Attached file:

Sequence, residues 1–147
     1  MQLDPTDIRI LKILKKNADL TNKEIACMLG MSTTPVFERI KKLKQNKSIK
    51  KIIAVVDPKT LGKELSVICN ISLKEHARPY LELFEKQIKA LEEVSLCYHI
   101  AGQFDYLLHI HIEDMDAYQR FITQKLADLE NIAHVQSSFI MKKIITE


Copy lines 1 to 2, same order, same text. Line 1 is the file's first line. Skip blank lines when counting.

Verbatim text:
Sequence, residues 1–147
     1  MQLDPTDIRI LKILKKNADL TNKEIACMLG MSTTPVFERI KKLKQNKSIK